China is a high growth market. The growth rate itself is somewhere between 30-40 percent. So Novartis' performance in China is growing at a significantly higher rate than India where the growth is between 10-12 per cent, almost one-third of what we do in China. India is in no way compared to China. The growth will happen but before that the framework has to be changed along with the healthcare infrastructure. China has 80 percent hospital sales exactly reverse of India (80 percent market sales and 20 percent hospital sales).

Coming to world class research, the debatable issue in the industry today is that of Indian companies not actively involved in world-class discovery research. Can you give a comparison between an MNC and that of an Indian company?

One way or the other if a company in India wants to get its products globally they need to have a creative alliance with a global company. It is feasible in the long run that global and Indian companies ally to share the risk and rewards, the capabilities, and assets. R&D is a high- risk high-reward game. India became a product patent regime in 2005 and domestic companies have been investing in R&D even before 1995. Now we are yet to see some outcomes. There will be breakthroughs but to commercialize it and to take it global, costs a lot of money. If you see the larger picture, today globally it takes $1.2 billion to get a NCE out. It was $800 million a few years back and $300 million some 10 years ago. The costs have gone up dramatically and that is because of high rates of failure that happen somewhere within the process. To get a NCE takes 12-15 years where you start with 100,000 leads and end up with one at the end of 15 years and that might not be a blockbuster drug because you have a competitor who comes out with a similar product later on.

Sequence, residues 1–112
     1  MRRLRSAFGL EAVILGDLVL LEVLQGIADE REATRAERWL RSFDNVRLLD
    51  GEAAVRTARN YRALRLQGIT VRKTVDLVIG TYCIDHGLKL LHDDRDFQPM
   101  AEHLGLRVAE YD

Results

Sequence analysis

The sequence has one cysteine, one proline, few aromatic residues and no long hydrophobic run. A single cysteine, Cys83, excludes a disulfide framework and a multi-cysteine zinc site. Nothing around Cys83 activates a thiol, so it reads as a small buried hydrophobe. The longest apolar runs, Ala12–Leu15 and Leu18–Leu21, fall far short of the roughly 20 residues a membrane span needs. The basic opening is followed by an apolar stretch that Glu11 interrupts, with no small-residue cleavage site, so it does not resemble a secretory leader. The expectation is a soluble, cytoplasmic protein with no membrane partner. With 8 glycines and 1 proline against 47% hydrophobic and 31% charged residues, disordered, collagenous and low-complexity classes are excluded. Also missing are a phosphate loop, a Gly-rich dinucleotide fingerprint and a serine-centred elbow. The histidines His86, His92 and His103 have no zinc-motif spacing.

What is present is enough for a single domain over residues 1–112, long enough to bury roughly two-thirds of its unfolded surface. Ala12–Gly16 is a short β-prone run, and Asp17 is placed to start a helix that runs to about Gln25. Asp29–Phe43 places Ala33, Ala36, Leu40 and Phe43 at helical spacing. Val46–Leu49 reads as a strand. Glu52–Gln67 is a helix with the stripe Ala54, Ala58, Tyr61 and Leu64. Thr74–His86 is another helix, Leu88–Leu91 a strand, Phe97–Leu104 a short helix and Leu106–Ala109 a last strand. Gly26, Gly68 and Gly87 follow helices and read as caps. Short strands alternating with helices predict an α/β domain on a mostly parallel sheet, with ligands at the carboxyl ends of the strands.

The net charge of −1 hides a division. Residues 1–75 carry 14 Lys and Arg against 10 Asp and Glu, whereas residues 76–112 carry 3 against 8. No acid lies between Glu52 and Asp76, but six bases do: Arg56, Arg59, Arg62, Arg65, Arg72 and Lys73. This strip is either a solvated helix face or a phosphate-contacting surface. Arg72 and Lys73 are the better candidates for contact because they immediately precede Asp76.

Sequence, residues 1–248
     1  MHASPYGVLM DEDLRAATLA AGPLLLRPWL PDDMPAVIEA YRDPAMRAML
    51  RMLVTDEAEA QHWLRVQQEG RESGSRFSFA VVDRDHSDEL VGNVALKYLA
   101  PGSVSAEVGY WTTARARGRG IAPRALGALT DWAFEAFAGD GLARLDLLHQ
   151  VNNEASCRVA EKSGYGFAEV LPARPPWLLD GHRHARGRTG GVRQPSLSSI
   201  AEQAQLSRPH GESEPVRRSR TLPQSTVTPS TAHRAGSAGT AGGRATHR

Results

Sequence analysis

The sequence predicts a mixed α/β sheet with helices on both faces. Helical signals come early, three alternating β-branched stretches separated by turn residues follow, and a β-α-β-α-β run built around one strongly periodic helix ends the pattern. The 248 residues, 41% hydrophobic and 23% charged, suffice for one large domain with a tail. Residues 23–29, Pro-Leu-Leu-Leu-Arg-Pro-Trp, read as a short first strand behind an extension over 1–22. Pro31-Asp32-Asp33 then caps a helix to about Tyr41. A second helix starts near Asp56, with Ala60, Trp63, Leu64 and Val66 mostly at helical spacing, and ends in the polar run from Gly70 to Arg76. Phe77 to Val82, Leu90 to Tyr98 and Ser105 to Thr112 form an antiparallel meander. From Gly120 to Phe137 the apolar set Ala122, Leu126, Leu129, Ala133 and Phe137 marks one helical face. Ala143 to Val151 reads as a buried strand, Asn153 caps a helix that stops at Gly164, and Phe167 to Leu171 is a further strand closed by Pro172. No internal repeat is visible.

Given this, unfortunately the top 10 domestic companies spend about 8-10 percent of their topline on research which in totality is less than $300 million. An MNC spends anywhere between $4-6 billion.

In conclusion, what are the changes, in your observation, which need to come about in the patent structure of the country?

Firstly there should be a fully TRIPS compliant IPR regime including its enforcement.

There should be encouragement for investments in R&D, progressive pricing policies including those for patented products, regulatory reforms, and rationalization of the multiple-tax system. Also there must be deterrent legislation against counterfeit drugs, reduction in import tariffs on life saving and other essential drugs, regulatory and administrative reforms, flexible labor laws and last but not the least, a world-class infrastructure.

Nayantara Som